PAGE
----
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Where an executor of an estate is not in agreement with a co-executor’s decision but reluctantly agrees to proceed with it, will the reluctant executor still be jointly and severally liable for the decision? Is there anything they can do to protect their interests?

Joint and several liability of executors

A testator may appoint a sole executor or alternatively two or more executors to act jointly. Probate will not be granted to more than four executors in respect of the same part of the deceased’s estate . As the question states, the authority of co-executors is joint and several, as is their liability. They are effectively treated as one person so the acts of one bind the others. For example, the release of a debt or the transfer of goods by one of several executors is valid and will bind the other executors.

This is the position even if one or more of the executors is in dissent, see: Smith v Everett (settlement of an account).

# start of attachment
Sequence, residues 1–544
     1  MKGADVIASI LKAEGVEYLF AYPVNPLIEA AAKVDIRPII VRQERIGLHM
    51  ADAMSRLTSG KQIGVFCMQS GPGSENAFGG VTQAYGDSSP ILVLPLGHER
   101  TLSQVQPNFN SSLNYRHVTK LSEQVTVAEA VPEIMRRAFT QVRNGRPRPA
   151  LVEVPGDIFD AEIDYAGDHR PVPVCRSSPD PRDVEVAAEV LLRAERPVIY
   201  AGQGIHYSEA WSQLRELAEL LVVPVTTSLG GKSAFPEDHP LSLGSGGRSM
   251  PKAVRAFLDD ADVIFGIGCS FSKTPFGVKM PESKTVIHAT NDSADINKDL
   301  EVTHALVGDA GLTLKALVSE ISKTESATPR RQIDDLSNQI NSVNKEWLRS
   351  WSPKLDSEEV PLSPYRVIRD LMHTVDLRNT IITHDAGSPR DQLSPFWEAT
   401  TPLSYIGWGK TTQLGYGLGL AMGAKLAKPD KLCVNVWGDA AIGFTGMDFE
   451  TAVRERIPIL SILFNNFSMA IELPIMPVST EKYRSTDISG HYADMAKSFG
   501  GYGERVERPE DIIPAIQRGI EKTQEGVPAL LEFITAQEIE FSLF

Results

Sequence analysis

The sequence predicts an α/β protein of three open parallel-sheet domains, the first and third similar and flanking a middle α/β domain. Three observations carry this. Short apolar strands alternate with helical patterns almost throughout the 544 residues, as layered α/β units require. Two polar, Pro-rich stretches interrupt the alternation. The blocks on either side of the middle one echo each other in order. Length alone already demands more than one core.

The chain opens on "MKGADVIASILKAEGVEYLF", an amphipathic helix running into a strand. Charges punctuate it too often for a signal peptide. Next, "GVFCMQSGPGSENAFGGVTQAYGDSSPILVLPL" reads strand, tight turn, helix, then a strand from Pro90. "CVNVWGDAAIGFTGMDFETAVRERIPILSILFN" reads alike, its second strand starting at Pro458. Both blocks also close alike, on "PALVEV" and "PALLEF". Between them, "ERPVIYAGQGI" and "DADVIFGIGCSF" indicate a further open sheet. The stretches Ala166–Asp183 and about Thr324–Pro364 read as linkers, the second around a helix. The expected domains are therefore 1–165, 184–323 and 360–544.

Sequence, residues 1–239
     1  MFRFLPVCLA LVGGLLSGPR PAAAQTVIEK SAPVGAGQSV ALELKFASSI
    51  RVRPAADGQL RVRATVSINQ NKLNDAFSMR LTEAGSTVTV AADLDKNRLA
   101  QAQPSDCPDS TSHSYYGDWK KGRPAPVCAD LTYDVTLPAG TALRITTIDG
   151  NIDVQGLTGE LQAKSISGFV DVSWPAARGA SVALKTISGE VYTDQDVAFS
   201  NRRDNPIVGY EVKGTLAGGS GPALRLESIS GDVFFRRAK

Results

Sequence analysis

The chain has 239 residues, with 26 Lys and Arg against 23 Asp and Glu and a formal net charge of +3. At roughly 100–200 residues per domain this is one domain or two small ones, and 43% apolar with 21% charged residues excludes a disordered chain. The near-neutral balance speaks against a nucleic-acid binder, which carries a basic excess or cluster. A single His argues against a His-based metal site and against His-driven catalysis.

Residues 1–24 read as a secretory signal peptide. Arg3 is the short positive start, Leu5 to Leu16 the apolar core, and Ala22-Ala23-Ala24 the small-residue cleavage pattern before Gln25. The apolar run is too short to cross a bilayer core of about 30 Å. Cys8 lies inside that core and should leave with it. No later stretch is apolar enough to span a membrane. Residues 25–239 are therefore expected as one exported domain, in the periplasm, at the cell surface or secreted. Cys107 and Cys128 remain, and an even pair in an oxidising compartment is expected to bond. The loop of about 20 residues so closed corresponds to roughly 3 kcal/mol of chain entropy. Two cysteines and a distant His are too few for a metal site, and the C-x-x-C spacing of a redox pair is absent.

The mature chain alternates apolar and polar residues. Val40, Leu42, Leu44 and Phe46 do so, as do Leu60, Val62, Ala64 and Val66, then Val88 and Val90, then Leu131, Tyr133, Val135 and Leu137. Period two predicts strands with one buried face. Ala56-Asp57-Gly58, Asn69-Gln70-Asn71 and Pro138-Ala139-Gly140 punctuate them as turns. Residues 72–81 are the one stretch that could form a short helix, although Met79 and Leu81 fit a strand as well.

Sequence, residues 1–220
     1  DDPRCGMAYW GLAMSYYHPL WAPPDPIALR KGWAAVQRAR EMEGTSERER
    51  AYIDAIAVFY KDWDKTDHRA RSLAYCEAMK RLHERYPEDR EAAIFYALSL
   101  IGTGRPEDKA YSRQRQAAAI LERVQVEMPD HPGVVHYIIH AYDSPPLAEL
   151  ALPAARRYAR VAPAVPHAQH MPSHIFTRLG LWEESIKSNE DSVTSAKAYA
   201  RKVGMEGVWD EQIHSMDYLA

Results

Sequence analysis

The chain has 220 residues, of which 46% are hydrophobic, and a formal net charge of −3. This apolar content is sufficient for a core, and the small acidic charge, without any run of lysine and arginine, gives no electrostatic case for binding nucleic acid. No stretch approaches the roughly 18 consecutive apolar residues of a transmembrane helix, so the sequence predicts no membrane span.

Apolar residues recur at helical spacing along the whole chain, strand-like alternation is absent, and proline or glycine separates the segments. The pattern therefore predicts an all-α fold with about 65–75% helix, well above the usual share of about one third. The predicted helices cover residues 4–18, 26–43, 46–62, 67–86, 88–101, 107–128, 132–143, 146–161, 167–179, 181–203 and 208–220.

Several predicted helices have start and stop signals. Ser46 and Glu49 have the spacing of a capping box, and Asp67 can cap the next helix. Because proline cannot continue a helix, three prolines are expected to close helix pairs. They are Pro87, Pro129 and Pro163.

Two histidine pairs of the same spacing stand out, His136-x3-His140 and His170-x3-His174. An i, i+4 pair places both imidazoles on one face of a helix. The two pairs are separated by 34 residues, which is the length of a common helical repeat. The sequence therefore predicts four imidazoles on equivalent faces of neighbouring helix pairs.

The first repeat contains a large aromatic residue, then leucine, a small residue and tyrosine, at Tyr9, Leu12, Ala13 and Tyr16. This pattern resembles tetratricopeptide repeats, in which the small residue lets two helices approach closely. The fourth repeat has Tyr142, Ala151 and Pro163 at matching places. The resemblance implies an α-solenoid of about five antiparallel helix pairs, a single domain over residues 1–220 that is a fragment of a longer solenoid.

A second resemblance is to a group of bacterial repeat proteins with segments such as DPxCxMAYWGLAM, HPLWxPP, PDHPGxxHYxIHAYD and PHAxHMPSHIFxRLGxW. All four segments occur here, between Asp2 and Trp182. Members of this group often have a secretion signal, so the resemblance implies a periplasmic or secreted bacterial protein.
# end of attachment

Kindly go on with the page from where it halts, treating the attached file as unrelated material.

The exception to this general rule is in respect of land. The concurrence of all the executors is required for a contract to convey land or a conveyance.

Disputes between executors

If, prior to the grant of probate, it is likely that disputes will arise between co-executors named in the Will, courses of action include:

  • a named executor can renounce probate provided they have not intermeddled/taken any action in respect of the estate. See section 5 of the Administration of Estates Act 1925, Non-Contentious Probate Rules 1987, SI 1987/2024, r 37 and Holder v Holder
  • when the grant is issued, an executor can have power reserved to them and can thereby apply to the court to act at a later stage if they so wish

The Q&A deals with the situation after the grant of probate has been issued, when the two executors are in the course of administering the estate. If there is a dispute between executors preventing the proper administration of the estate, the following courses of action are available:

If you would like a chat to discuss further, please feel free to contact me for a free 30-minute consultation.

Sophie Campbell

01637 800 306

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